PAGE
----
Transepidermal Water Loss and What You Can Do To Prevent It


As we’ve heard time and again, one of the best ways to achieve healthy looking skin is keeping it sufficiently hydrated. We do this by drinking enough water and avoiding harsh products that might dry it out. Another factor in the equation is something called Transepidermal Water Loss (TEWL). Though it sounds concerning, it’s nothing to panic about. We all experience TEWL at different times throughout the day, the key is to prevent it from happening in the first place. Before we explain how to do that, let’s take a closer look at TEWL and get some questions answered.

What is Transepidermal Water Loss and What Symptoms Does it Cause?

As the name suggests, TEWL refers to a simple physiological phenomenon that occurs when the water evaporates through the epidermis (or outer layer of the skin) and into the air.1 It occurs even more when the protective skin barrier is damaged or impaired—something that happens quite frequently for those who suffer from skin conditions like rosacea or dermatitis­.2 The result is dry, dehydrated skin accompanied by the usual suspects of symptoms: flaking, roughness, redness, tightness, increased visibility of fine lines and wrinkles, the list goes on.

What Environmental Factors Triggers TEWL?

Anything that affects the level of moisture going in or out of your skin is a culprit. Let’s look at the factors that top the list as the worst offenders.

  • Cold, dry, low humidity climates
  • Spending an excessive amount of time in drying conditions indoors caused by air conditioners and heaters3
  • Over-exfoliating or over-scrubbing the skin
  • Using harsh cleansers and other products
  • Sunburns
  • Chlorine
  • Age (as our collagen and sebum production slows)

Our Top 3 Tips to Help Correct TEWL

The key to preventing, or at the very least minimizing TEWL, is locking moisture in and taking care of that skin barrier as best you can. Here are 3 important things you can do to help the situation.

  1. Use a good moisturizer – Choose one that’s a little richer (and still works for your skin type) to lock in moisture and help prevent water loss, especially when you sleep. In addition to a good moisturizer, you may want to also add a hydrating serum to use before your moisturizer to really bump up the hydration.4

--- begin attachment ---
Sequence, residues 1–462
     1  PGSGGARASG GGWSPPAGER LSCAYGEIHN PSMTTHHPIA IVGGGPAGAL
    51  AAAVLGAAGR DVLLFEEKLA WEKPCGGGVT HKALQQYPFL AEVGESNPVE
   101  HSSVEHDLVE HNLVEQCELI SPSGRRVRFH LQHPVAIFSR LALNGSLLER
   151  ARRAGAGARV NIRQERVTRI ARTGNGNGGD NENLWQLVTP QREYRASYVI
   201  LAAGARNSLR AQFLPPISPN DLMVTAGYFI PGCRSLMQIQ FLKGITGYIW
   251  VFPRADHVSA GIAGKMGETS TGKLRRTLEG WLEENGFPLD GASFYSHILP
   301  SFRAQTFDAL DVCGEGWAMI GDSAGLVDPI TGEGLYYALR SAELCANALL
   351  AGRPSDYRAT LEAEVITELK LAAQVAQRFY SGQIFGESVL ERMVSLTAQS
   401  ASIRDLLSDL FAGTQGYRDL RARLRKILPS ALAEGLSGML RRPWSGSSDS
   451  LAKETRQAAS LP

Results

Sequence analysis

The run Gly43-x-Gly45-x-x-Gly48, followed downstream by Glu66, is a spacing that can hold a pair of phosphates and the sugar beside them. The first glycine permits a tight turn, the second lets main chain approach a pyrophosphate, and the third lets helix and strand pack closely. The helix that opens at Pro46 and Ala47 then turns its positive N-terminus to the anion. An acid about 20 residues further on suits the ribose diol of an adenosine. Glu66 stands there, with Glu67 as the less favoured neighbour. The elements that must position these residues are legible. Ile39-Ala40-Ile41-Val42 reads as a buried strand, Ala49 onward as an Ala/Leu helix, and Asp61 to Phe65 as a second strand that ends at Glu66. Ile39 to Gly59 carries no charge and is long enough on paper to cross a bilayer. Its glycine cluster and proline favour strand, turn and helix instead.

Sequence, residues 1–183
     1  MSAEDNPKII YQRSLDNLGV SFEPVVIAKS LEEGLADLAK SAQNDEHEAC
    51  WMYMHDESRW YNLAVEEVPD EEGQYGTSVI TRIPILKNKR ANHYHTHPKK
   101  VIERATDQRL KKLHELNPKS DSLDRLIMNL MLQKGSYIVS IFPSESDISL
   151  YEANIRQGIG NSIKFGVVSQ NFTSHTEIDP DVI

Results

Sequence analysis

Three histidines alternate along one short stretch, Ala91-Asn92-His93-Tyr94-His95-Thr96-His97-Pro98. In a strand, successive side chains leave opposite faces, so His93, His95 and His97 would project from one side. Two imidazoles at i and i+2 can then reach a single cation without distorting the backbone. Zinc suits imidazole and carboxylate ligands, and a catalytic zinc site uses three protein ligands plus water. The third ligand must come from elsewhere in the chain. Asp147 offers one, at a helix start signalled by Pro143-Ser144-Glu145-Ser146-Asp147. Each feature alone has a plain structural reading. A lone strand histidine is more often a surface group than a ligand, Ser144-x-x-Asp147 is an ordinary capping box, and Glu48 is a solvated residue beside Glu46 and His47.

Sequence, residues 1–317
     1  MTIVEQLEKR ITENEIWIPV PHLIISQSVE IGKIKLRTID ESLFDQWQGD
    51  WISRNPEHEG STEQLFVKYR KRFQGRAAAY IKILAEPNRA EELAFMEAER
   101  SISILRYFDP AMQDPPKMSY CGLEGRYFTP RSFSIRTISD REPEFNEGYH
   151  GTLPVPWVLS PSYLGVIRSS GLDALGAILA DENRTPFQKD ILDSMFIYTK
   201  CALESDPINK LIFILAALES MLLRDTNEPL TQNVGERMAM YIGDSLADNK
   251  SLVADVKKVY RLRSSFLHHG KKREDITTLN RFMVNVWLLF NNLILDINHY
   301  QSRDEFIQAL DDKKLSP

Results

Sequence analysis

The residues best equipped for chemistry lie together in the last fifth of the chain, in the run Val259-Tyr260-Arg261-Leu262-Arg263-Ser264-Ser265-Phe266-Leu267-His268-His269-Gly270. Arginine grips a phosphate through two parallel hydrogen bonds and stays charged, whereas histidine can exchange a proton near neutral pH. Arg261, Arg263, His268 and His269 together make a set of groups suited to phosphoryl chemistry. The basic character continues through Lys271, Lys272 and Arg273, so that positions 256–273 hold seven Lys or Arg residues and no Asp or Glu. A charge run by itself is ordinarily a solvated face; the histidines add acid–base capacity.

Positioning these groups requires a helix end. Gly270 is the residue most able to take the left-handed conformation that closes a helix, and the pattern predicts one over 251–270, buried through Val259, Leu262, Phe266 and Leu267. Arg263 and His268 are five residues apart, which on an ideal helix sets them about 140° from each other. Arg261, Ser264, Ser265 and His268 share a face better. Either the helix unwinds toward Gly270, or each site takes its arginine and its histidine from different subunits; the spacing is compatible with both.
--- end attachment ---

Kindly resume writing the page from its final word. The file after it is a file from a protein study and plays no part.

2. Avoid harsh products – High-pH face washes and soaps have a bad reputation for stripping the skin’s moisture. Stick to gentle, moisturizing cleansers that add moisture to your skin and stay away from exfoliating while you’re at it.
  3. Invest in a humidifier – Humidity is your friend here, so anything that adds moisture to the air will help keep skin balanced and hydrated. A humidifier is an especially good idea if you live in an area with low humidity.5

If you feel like your skin is drier than usual or you suffer from a skin condition like rosacea, you should definitely do what you can to keep moisture in to help control TEWL. Need help finding the right products for your skin type? Speak to your dermatologist to get some recommendations and remember to stay hydrated.


  1. Helen Alexander, Sara Brown, Simon Danby, Carsten Flohr, Research Techniques Made Simple: Transepidermal Water Loss Measurement as a Research Tool, Journal of Investigative Dermatology, Volume 138, Issue 11, 2018, Pages 2295-2300.e1,ISSN 0022-202X. Retrieved from:
  2. Addor FA. Skin barrier in rosacea. An Bras Dermatol. 2016;91(1):59-63. doi:10.1590/abd1806-4841.20163541. Retrieved from:
  3. Koseki, K., Kawasaki, H., Atsugi, T. et al.Assessment of skin barrier function using skin images with topological data analysis. npj Syst Biol Appl 6, 40 (2020).
  4. Lynde, C. W. (2001). Moisturizers: what they are and how they work. Skin Therapy Lett, 6 (13), 3-5.
  5. Ohno H, Nishimura N, Yamada K, Shimizu Y, Iwase S, Sugenoya J, Sato M. Effects of water nanodroplets on skin moisture and viscoelasticity during air-conditioning. Skin Res Technol. 2013 Nov;19(4):375-83. doi: 10.1111/srt.12056. Epub 2013 Apr 17. PMID: 23590637.